Not a single Army chief could pressurize the government to accept the one rank one pension(OROP) as approved by parliament. Foreign soldiers have asked me as to what is the problem with the Indian army general staff that they cannot even get something which is approved by Parliament and accepted by the government of India?
One must remember that mother gives milk to a baby when it cries. This is lost on the general staff who have ensured that the soldier is treated equivalent to a chaprasi. The soldier was a highly respected member of the community during the days of The Hindu Raj. Unfortunately, his status presently is equal to a peon in the central government.


S 400 system being imported from Russia
S 400 system being imported from Russia

Last word

One can write reams and reams about the short-sight of the general staff and the servility that goes with it. I hope few of the top brass at some stage will put their foot forward to put pressure on the government to implement not only the koshiaryi committee report but also better weapons for the army. The army is also short charged as far as weapons are concerned because 99% of the sophisticated weapons are not made in India and we have the dubious distinction of being the largest importer of arms in the world.

A nation cannot expect to dominate the world by importing weapons and it's about time people realized that the Indian Army may be a paper tiger. This needs to be taken care off. but the question is who will bell the cat? even the present Army Chief general Rawat has superseded two senior generals. Obviously, he cannot bite the hand that has made him the COAS. This sorry state of affairs has continued for too long and it may require another war to shake the ministry of defense Mandarins out of their complacency but again the crux of the issue is how much the general staff wishes to project anything to the nation.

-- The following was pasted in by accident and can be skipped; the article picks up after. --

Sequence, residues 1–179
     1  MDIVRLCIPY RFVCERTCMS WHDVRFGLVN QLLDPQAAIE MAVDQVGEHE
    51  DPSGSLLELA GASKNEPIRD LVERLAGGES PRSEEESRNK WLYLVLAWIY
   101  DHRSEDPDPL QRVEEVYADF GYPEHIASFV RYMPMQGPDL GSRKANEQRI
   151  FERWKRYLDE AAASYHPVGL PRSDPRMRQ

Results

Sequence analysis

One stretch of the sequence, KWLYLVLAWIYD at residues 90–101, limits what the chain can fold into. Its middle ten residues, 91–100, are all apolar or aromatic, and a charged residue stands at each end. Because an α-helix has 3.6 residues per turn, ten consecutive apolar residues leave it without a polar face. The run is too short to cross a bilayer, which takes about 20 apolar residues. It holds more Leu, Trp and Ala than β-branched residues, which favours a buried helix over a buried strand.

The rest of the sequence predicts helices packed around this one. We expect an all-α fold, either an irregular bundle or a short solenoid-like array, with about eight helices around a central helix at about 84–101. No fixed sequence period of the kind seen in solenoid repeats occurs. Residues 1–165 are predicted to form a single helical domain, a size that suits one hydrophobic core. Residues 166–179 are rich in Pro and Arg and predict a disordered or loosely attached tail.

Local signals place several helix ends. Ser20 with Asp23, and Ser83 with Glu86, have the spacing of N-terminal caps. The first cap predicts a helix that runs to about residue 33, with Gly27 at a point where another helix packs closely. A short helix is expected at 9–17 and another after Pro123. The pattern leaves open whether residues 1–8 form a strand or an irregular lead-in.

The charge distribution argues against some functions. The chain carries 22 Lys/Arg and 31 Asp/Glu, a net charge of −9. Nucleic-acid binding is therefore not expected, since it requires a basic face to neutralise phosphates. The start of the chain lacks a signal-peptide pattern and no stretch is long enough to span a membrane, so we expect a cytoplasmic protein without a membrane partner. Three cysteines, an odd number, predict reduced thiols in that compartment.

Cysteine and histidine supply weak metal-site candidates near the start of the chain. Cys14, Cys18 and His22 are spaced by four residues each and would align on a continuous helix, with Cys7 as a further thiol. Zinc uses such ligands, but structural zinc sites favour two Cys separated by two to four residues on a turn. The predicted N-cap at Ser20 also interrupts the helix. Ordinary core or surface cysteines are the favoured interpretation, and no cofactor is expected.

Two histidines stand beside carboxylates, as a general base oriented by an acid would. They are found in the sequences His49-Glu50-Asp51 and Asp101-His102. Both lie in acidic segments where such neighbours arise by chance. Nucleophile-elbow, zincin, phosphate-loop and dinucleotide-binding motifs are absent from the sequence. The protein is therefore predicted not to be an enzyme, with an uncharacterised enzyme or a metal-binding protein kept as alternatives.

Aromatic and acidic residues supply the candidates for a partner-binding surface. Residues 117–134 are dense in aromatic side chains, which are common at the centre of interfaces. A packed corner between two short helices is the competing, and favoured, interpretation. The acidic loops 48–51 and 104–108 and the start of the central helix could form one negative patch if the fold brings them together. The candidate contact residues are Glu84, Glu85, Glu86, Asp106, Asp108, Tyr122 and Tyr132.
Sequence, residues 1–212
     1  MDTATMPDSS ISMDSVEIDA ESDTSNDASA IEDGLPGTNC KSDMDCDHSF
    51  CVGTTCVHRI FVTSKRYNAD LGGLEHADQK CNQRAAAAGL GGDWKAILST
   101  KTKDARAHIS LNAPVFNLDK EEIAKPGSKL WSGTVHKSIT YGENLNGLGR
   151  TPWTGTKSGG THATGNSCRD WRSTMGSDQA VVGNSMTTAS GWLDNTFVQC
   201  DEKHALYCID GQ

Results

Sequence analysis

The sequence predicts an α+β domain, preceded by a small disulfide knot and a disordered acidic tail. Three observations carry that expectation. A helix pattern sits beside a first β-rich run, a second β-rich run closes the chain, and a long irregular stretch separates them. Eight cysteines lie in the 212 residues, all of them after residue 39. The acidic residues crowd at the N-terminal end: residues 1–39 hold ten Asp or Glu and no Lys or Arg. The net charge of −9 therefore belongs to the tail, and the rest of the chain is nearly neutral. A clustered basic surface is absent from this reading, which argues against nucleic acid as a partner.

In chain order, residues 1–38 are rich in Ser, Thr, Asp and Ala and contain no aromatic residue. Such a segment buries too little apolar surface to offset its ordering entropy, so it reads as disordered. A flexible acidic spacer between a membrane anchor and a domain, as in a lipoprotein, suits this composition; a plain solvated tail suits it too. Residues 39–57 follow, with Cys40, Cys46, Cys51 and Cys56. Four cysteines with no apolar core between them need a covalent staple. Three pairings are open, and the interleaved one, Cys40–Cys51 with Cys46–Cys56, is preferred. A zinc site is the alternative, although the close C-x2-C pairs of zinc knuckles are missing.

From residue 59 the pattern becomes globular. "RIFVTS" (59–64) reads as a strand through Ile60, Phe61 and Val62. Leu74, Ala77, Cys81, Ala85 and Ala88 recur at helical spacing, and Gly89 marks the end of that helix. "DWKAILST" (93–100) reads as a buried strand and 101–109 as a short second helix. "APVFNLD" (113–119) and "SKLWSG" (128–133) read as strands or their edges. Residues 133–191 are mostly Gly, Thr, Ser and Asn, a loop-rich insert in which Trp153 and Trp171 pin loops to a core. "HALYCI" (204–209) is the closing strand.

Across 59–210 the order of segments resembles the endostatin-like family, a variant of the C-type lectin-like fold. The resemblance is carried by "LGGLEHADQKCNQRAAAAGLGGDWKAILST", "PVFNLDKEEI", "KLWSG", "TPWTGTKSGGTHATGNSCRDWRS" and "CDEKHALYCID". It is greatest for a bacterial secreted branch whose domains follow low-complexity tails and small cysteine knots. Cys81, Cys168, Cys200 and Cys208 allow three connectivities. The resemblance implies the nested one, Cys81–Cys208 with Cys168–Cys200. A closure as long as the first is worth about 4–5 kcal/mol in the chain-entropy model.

Comments

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    • emge profile imageAUTHOR

      MG Singh 

      11 months ago from Singapore

      Thank you, Hari, for your valuable comment

    • shprd74 profile image

      Hari Prasad S 

      11 months ago from Bangalore

      Excellent and indepth article sir.